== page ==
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      • spindoctor says:

        We’ll likely see his HR/FB rate decline into the 11-12% range, while in turn, his BABIP is due for a rise. All-in-all, expect a high 4′s ERA this season but a durable starter who will eat enough innings to save the bullpen some workload.

        FWIW, Vazquez (despite his awful start) is currently a 0.1 WAR player while Melky is a -0.5 WAR player.

        The comment about not knowing the winner of this trade for years to come is on the mark, but for current value, the Yanks will come out ahead this year.

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  2. Vida Blue says:

    Anyone else read that headline and feel like you had a lottery ticket in your hands before it’s scratched?

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  3. Beer me! says:

    Great article. Plus, the Braves also have young guns Robinson Lopez and Mike Minor currently tearing up their minor leagues. A wealth of pitching indeed!

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  4. Hizouse says:

    Marc, I don’t think you should assume that your readers know that MB is Hi-A

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  5. awayish says:

    any deal that gets rid of melky and the truckload of melky love from the fanbase is a good deal.

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  6. Brain of G says:

    Marc, I wish you would have left out that one comment in reference to Yankee fans wishing they had that trade back! Over half the comments are in relation to the damn Yankees instead of the dominance of the pitching staff down in Myrtle Beach. That is one heck of a talented group of arms for High A ball. Let’s hope those arms all stay healthy! It would be a thrill to see a couple of them make it to the bigs around the same time.

    So, whose scheduling a vacation to Myrtle Beach this Summer? haha.

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  7. Egan Foote says:

    I think you jumped the gun with your “wouldn’t New York fans like this one back?” comment, as Vazquez has been good in his past several starts. Unless this was written a month ago, I can only assume you haven’t been paying attention.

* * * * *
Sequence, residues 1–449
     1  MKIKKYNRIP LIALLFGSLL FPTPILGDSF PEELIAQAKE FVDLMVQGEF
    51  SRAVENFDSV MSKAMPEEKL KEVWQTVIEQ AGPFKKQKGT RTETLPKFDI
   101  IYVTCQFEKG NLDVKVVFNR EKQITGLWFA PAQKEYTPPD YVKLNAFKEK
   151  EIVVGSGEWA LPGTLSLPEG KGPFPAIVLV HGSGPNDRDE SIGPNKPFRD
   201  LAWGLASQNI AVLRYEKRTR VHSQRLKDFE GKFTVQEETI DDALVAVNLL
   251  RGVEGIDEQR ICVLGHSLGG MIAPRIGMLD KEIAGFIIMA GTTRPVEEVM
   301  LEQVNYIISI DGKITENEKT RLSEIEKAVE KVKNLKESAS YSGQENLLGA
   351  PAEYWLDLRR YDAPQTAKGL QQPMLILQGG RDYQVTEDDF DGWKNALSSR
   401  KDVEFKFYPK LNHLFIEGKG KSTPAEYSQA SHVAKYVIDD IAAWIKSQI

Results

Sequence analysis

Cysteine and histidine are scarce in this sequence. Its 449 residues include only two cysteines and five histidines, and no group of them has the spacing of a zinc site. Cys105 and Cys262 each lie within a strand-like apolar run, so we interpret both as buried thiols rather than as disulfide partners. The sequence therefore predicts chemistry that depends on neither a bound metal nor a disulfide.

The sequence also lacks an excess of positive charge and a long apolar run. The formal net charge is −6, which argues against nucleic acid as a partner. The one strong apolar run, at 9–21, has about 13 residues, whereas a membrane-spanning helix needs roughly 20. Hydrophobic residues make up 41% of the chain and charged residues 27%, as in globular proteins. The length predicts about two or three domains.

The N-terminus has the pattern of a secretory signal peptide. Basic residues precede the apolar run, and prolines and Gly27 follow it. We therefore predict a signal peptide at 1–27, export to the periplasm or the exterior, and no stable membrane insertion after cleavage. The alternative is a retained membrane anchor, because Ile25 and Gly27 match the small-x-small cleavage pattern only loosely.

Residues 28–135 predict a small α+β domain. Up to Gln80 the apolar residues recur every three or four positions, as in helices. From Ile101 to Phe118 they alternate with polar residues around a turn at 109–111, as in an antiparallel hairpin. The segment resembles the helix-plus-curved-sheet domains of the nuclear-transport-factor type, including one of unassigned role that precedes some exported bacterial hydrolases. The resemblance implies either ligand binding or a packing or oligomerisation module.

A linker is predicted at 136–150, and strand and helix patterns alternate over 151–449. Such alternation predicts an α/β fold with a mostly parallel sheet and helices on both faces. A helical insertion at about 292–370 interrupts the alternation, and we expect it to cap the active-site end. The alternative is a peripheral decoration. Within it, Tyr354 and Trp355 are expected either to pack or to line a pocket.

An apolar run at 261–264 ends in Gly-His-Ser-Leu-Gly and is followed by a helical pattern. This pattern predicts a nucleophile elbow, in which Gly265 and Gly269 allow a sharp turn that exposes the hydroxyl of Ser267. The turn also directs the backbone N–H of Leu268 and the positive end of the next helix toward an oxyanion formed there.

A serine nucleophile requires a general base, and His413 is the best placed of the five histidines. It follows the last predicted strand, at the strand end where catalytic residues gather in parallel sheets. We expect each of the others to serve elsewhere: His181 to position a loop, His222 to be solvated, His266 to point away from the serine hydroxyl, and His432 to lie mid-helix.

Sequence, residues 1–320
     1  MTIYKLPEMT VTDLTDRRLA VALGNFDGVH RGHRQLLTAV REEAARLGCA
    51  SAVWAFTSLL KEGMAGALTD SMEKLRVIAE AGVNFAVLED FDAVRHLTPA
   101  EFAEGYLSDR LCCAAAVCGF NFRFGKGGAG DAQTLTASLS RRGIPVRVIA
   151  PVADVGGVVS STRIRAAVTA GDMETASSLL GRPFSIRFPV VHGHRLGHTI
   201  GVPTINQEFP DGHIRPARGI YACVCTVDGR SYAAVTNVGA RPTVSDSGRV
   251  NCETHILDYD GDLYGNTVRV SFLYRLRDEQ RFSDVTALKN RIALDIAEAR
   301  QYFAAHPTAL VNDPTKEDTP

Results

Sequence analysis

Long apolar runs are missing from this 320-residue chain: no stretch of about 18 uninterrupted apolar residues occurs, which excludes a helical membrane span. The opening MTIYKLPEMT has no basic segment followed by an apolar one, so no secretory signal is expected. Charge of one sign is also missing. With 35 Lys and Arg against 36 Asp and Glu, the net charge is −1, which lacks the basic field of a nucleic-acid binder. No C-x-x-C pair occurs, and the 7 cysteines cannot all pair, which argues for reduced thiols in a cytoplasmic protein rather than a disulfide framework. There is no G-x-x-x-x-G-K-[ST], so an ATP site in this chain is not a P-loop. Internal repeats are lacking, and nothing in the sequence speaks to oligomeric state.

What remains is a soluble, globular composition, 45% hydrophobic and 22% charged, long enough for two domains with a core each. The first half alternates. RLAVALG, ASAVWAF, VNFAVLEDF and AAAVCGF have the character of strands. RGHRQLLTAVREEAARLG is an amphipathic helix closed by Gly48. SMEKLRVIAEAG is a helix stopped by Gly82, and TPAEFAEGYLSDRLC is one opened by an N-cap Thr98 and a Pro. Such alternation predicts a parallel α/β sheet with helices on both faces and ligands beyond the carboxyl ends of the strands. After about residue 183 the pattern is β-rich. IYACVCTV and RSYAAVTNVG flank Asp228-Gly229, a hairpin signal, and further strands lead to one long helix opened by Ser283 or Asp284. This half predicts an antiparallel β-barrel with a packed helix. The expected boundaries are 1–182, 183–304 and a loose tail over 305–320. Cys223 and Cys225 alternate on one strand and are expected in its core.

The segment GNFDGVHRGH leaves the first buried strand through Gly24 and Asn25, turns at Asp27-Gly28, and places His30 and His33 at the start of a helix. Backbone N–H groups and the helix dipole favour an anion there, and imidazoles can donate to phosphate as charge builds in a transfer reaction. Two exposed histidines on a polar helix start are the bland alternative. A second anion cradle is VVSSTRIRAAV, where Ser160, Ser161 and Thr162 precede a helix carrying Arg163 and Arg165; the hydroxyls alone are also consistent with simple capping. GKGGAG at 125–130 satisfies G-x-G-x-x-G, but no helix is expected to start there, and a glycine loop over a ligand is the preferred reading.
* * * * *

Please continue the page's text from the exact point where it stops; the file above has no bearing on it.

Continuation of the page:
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  8. Andrew says:

    Great article. I’d argue the Braves system has been solid, but Schuerholz sent most of those valuable pitchers to other teams: Feliz and Wainwright certainly come to mind.

    Venters and Medlen have also provided homegrown depth.

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  9. spike says:

    Much as this is welcome news, one should note Myrtle Beach has been a very pitcher friendly park in a pitcher friendly league. I understand this season it has been roughly neutral, although the league has not.

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    • Bronnt says:

      The park does a lot to suppress, but it’s clear that the writer barely gives any consideration to that since he’s talking about walks, strikeouts, and ground ball rates. He even acknowledges that Teheran’s fly ball rates might be problematic in the future. I don’t think any of these pitchers has seen their value inflate because of their home park. Teheran and Vizcaino are putting up K/BB rates over 7, and Randall Delgado over 5. Those first two could both be top 20 prospects next season, while Delgado should break the top 50.

      Hoover is the forgotten man there, who, though he’s been solid, may not even be the 5th best right handed starting prospect in the Braves’ system. It’s nice to see him getting some coverage here.

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    • Temo says:

      They did change the park around a bit to make it neutral a year or two ago, and it’s played that way recently.

      Also, note that only Hoover and Delgado have compiled most of these stats in Myrtle Beach. The other two were recently promoted after dominating in Rome.

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  10. DavidA says:

    I just wanted to point out that Delgado and Teheran were international signings. That’s one heckuva scouting dept the Braves have.

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    • Irwin says:

      Delgado signed for only $50,000, too.